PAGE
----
The original moment came during President Barack Obama’s speech to Congress in 2009 as he was talking about health-care reform.
“There are also those who claim that our reform efforts would insure illegal immigrants. This, too, is false,” he said at the time. “The reforms — the reforms I am proposing would not apply to those who are here illegally.”
“You lie!” someone yelled.
That someone was South Carolina Rep. Joe Wilson — and now, eight years later, an indignant crowd at a town hall has returned the sentiment.
The Republican was speaking about Obamacare on Monday in Graniteville, near Augusta, when the crowd started chanting: “You lie! You lie! You lie!”
Chaotic scenes similar to this one have become a new normal at Republican town hall events across the United States, reminiscent of the tea party movement that intensified following Obama’s election in 2008. But now it’s the Republicans who are enduring “protests, sharp rebukes and emotional questions about what they see as a sharp turn in governance as well as the House and Senate’s willingness to check the White House,” The Washington Post’s Dan Zak and Terence Samuel wrote this year.
In fact, some GOP lawmakers have vowed not to hold town halls at all.
A town hall turned hot last month in Texas when Rep. Joe Barton (R) said he opposed federal legislation protecting women from violence because it is a state issue.
“Violence against women — that’s a national issue!” an attendee shouted. “That is an issue that impacts everyone, everywhere — not only in this country but everywhere.”
That statement then spurred more loud reactions from the group — with one attendee in particular prompting this response from the congressman: “You, sir, shut up.”
In Iowa, Sen. Joni Ernst (R) was verbally bashed by constituents when she expressed support for Education Secretary Betsy DeVos, who “was carefully vetted.” Ernst added: “She supports all types of education. I support all types of education.”
Several weeks ago, Sen. Lindsey O. Graham (R-S.C.) responded to his town hall criticism in kind, calling out one attendee for asking a “garbage” question and railing against others for not accepting President Trump’s win.
“Your last term! Your last term!” people were chanting by the end.
Graham then advised them he wasn’t worried about losing his job.
“Good! Good! Come on, bring it on! Bring it on!” Graham said.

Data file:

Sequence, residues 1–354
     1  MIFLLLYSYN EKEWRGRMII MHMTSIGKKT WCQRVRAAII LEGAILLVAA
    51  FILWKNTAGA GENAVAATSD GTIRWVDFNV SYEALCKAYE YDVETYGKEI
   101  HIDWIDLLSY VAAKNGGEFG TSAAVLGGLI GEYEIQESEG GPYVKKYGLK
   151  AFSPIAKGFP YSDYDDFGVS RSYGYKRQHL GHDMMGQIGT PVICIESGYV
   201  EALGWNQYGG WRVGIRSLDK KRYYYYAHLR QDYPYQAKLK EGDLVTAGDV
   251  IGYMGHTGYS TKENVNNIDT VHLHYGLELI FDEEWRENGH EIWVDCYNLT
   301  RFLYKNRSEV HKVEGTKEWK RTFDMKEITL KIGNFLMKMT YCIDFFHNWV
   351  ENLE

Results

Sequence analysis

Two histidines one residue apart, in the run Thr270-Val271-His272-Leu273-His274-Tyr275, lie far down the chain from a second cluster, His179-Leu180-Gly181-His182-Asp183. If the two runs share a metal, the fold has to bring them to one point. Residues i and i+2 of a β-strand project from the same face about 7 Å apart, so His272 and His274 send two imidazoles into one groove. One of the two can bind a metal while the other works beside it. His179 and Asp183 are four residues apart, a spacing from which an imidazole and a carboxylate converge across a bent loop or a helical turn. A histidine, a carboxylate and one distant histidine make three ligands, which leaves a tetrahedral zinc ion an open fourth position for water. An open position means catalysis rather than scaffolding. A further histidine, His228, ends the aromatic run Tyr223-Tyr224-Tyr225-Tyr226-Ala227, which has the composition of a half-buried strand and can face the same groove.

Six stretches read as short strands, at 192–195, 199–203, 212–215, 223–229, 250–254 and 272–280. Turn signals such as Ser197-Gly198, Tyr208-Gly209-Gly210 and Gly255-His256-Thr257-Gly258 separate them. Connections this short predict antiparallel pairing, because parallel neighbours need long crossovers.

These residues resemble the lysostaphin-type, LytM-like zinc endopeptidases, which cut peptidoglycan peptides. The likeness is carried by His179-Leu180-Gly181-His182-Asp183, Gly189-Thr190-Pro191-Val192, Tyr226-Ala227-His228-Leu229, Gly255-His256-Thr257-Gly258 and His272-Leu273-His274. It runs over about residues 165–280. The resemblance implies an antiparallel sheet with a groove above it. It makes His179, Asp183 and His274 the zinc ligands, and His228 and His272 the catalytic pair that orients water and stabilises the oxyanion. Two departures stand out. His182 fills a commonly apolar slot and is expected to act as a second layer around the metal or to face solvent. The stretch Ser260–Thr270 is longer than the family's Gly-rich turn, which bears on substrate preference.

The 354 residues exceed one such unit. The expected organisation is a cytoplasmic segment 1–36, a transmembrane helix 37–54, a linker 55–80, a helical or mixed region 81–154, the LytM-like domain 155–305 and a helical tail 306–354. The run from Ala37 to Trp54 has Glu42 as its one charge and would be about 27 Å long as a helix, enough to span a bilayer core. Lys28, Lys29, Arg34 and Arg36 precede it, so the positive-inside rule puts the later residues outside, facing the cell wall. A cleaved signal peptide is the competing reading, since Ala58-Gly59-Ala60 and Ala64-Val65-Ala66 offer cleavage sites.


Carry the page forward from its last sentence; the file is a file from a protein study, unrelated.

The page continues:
“If I win, fine. If I don’t, fine. But here’s what you’re going to get from me. You’re going to get somebody that tells you exactly what I believe. And to everybody in this room, it’s okay to be mad. It’s okay to be upset.”
On Monday, Wilson, the South Carolina congressman, also answered questions on topics including environmental concerns such as climate change and Trump’s military strike against Syria, according to the Post and Courier.
“I was very pleased by the president’s response,” Wilson told reporters before the event, according to the newspapers. “And I would have supported the prior president if he had acted, but he didn’t. Where chemical weapons are used, there should be immediate action. Because if we don’t, sadly it’s an opportunity for chemical weapons to be used around the world and, we know, ultimately, within the United States.”
A spokeswoman for Wilson said that too much emphasis has been placed on one moment at the town hall.
“The clip being circulated of Congressman Wilson’s town hall last night shows less than a minute of a positive event that lasted nearly two hours where the congressman engaged with his constituents both in a town hall format and one-on-one after the official program ended,” spokeswoman Leacy Burke said in a statement to The Washington Post. “The congressman took great questions on a wide range of issues, from national security and North Korea to immigration.”
But when Wilson uttered those two sharp words — “you lie” — in 2009, even Obama’s opponent reprimanded the congressman.
“Totally disrespectful. No place for it, and he should apologize,” Sen. John McCain (R-Ariz.) said, The Post reported at the time.
Wilson did apologize — but it wasn’t enough to make people forget.
“I moved here from somewhere else,” Dana Phillips, who lives in Aiken, S.C., told the Post and Courier. “If I had known before I moved here that this is the man who stood up in Washington, D.C., and yelled at our former president, I would not have moved here.”